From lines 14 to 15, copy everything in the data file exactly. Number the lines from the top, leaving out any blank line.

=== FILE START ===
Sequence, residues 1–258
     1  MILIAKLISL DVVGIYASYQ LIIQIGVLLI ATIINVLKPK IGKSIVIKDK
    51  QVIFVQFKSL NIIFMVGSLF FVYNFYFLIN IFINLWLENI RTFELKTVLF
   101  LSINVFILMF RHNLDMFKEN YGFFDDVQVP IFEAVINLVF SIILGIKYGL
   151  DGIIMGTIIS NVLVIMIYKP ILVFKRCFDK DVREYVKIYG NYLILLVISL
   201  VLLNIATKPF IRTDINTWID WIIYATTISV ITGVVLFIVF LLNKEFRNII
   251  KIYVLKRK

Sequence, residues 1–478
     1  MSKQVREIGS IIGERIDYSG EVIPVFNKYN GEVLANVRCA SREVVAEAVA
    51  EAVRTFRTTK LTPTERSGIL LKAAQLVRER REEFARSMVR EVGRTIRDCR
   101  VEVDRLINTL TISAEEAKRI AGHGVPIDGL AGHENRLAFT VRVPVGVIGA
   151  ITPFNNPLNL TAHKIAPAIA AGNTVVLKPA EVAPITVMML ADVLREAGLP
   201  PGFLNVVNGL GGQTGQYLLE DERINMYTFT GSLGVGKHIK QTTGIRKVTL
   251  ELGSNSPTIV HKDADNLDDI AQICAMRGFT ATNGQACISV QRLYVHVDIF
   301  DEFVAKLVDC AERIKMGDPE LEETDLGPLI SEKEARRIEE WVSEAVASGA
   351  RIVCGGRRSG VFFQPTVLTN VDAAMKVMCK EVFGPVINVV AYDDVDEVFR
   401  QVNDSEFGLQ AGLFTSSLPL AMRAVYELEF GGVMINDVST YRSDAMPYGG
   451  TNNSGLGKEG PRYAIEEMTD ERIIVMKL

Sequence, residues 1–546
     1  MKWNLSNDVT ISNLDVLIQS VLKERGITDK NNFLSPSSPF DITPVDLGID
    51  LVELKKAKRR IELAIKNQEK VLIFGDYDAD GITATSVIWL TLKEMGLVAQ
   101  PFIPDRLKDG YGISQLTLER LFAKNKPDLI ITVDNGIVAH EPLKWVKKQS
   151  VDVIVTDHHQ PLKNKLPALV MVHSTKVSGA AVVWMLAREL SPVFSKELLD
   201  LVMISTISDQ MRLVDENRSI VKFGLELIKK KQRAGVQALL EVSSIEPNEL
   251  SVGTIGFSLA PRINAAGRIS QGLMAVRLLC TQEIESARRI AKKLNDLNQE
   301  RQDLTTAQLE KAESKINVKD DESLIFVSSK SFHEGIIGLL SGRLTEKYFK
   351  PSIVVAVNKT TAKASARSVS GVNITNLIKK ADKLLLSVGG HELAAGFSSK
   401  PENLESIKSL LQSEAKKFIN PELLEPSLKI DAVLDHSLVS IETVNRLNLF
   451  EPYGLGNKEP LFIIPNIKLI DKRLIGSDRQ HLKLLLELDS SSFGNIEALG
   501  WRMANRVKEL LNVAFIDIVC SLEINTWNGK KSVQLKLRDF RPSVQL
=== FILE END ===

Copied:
   251  ELGSNSPTIV HKDADNLDDI AQICAMRGFT ATNGQACISV QRLYVHVDIF
   301  DEFVAKLVDC AERIKMGDPE LEETDLGPLI SEKEARRIEE WVSEAVASGA